Ring Theater gets political with tintypes

Tintypes, the Ring Theater’s first play of the fall season, is marketed as a “nostalgic revue” and as a “patriotic all-American” musical. Presented as part of Celebrating American Democracy and Diversity, the political movement on campus, Tintypes is a varied representation of America pre-World War I.

The play follows a hapless Charlie Chaplin-like immigrant (Chris Teustch) as he travels through turn-of-the-century America meeting various period celebrities like annoying diva Ana Held (Brittany Daley), political activist Emma Goldman (Samantha Stiglitz) and even then-President Teddy Roosevelt (Nick Wishnatzski). But this play belongs to the young black hired woman Susannah (Ericka Dorfler), who climbs the social ladder from factory worker to Vaudeville singer. Aside from this, there is no real plot to this play, but there are a series of amusing silent vignettes that serve to provide comic relief between the variously themed scenes.

The set consisted of six bookshelves stuffed with an assortment of nostalgic items thrown together from the prop room that makes the stage look like a Cracker Barrel without the tables, but reversed it revealed a charming Main Street U.S.A. accompanied by a big city backdrop. It’s hard to argue with the music of this revue since most in this play was lifted from popular plays from 1891 to 1920. These songs move at a brisk pace sometimes without a breath between them, let alone a transition. While there are several legitimate showstoppers, there are also some points that bring the play to a screeching halt (almost anytime our protagonist sings) – between these extremes the play seems to coast on nostalgia of our pre-9/11 innocence.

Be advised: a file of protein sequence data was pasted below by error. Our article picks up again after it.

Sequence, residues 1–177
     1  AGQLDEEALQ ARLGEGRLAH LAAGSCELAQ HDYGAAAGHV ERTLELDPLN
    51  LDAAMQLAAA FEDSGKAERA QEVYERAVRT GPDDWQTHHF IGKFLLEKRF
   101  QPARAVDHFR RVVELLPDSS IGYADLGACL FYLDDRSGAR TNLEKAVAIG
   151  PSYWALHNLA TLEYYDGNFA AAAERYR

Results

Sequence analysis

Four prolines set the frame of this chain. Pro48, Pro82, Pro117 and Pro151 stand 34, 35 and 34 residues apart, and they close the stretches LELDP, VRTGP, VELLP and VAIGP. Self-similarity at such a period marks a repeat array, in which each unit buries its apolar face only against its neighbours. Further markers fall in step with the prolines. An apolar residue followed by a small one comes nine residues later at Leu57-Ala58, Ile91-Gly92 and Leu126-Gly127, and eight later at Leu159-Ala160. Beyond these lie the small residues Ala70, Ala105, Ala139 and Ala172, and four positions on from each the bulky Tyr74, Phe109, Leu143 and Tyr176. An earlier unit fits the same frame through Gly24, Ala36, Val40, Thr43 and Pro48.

The play is mildly funny, due in part to Teutsch’s excellent pantomime skills; the strobe light simulating the silent film reel was particularly clever effect. However, the vaudeville segment in the second act almost makes one wish the concession stand sold healthier food during intermission.

True to it’s marketing; this play is unabashedly patriotic with almost a third of the songs dealing with love of America. However, coincidence or not, amid the classic songs a very subtle partisan message beyond apple pie and flag waving was quite apparent. Maybe as a reviewer I am just reading too much into a benign play that is completely performed on a surface level, but I challenge you to see if this partisan message is more than hundreds of political messages subconsciously imprinted to my brain due to the week of debate madness.

Upcoming performance dates are Oct. 6 – 9 at 8:00 p.m. with matinees on Oct. 9 at 2:00 p.m. Admission is $16 for weeknights and matinees; $18 for Friday and Saturday nights. Seniors, UM Faculty, Staff and Alumni Admission are $14 for weeknights and matinees; $16 for Friday and Saturday nights. UM Student Admission is $8 for weeknights and matinees $10 for Friday and Saturday nights, free show for students is on Tuesday, Oct 5.

Johnathan Twiggar can be contacted at j.twiggar@umiami.edu.